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Summary:

Glam Media, the online women and lifestyle media and ad-network company, has raised another big round, this time a mezannine round before it…

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Glam Media, the online women and lifestyle media and ad-network company, has raised another big round, this time a mezannine round before its logical next move of an IPO in the next year or so. It has received about $50 million in this fifth round, led by Aeris Capital, the European fund, with existing investors Hubert Burda Media and Mizuho Capital also participating. The valuation, our sources say, is around $750 million post money. This round brings the total cash raised by the company directly to about $130 million.

Out of the $50 million round, about $10 million to $15 million is money taken off the table for early investors and some employees (though the amount is spread across a large number of employees and so is small individually); the rest will be used to build an R&D center to develop its platform and enable display ad innovation, expand internationally, and for strategic acquisitions, CEO Samir Arora told me earlier today. Also, Glam will restart its U.S. expansion plans, which it halted last year due to the economic climate. During the recession, the company says, its top execs took 40-50 percent paycuts, it cut the total number of U.S. employees by 8 percent, and it moved to employee variable pay. Seems that now those numbers will go back up.

The company at the end of Q409 was profitable EBITDA-wise across its various global divisions, which really led to a process where they could either start the work on filing for an IPO, or do this new mezz round, and in the end decide to take the funding money, he told me. Coming next, very likely within the year or early next year: an IPO, though Samir didn’t comment on that. Interestingly, unlike the last big round where it worked with Allen & Co and BofA on the fundraising, this time it didn’t use any banks.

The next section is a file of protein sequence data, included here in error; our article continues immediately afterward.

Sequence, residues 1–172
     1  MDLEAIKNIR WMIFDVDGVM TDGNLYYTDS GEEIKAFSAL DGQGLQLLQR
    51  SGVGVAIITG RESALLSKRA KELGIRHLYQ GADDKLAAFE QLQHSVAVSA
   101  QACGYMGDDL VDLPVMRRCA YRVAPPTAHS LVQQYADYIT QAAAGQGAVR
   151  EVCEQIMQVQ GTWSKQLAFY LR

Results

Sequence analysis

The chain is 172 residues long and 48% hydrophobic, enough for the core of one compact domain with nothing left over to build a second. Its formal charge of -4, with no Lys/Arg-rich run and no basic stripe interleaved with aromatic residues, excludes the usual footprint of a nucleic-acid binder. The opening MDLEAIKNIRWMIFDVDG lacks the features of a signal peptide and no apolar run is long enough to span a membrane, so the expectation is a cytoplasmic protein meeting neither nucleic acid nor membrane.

1. Let’s cut through the spin, folks. No one has the choice between a successful IPO and raising money. This is one of those inside jokes, ya know? Let me briefly explain:

    If you think you can really truly get investors excited enough to buy your story and buy your stock, you will do it. This also means that you have supreme confidence that you can continue to grow and beat your numbers over the following 18 months or so.

    If you are not very sure of this then you take money because the IPO route wasn’t really available to you. You then go out and tell people that you thought long and hard, but eventually decided to dilute the heck out of the company instead!

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  2. Much better to do a round and remain private- specially given the valuation and the tiny dilution raising $50M is for them. Gives them time to build the company to a bigger better public company in the future. Facebook, Glam, Zynga all taking capital and waiting to do a bigger IPO’s in the future.

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  3. I agree that it’s better to stay private if you don’t have the numbers but I am not sure how you know they only suffered tiny dilution. There may have been warrants given or other preferences given that make the actual dilution look higher. They may have also had to increase the employee option pool and so many other things could affect ownership.

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  4. @jenkins, Good point, you are correct — was only looking at valuation and total raised.

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  5. ok folks, this is a simple as, “hey if we keep hinting at an IPO, someone might buy us”. “Hope it happens before we blow our dough.” Sham Media.

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